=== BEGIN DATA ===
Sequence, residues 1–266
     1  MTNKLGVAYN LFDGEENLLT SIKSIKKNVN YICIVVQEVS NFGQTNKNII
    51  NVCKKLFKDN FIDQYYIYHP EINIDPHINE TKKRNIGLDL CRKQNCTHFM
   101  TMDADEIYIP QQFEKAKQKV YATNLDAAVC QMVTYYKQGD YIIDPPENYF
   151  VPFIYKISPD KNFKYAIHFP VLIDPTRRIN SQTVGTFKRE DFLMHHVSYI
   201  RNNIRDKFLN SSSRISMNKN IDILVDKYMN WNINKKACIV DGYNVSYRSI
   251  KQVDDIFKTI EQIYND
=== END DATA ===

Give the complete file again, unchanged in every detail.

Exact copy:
Sequence, residues 1–266
     1  MTNKLGVAYN LFDGEENLLT SIKSIKKNVN YICIVVQEVS NFGQTNKNII
    51  NVCKKLFKDN FIDQYYIYHP EINIDPHINE TKKRNIGLDL CRKQNCTHFM
   101  TMDADEIYIP QQFEKAKQKV YATNLDAAVC QMVTYYKQGD YIIDPPENYF
   151  VPFIYKISPD KNFKYAIHFP VLIDPTRRIN SQTVGTFKRE DFLMHHVSYI
   201  RNNIRDKFLN SSSRISMNKN IDILVDKYMN WNINKKACIV DGYNVSYRSI
   251  KQVDDIFKTI EQIYND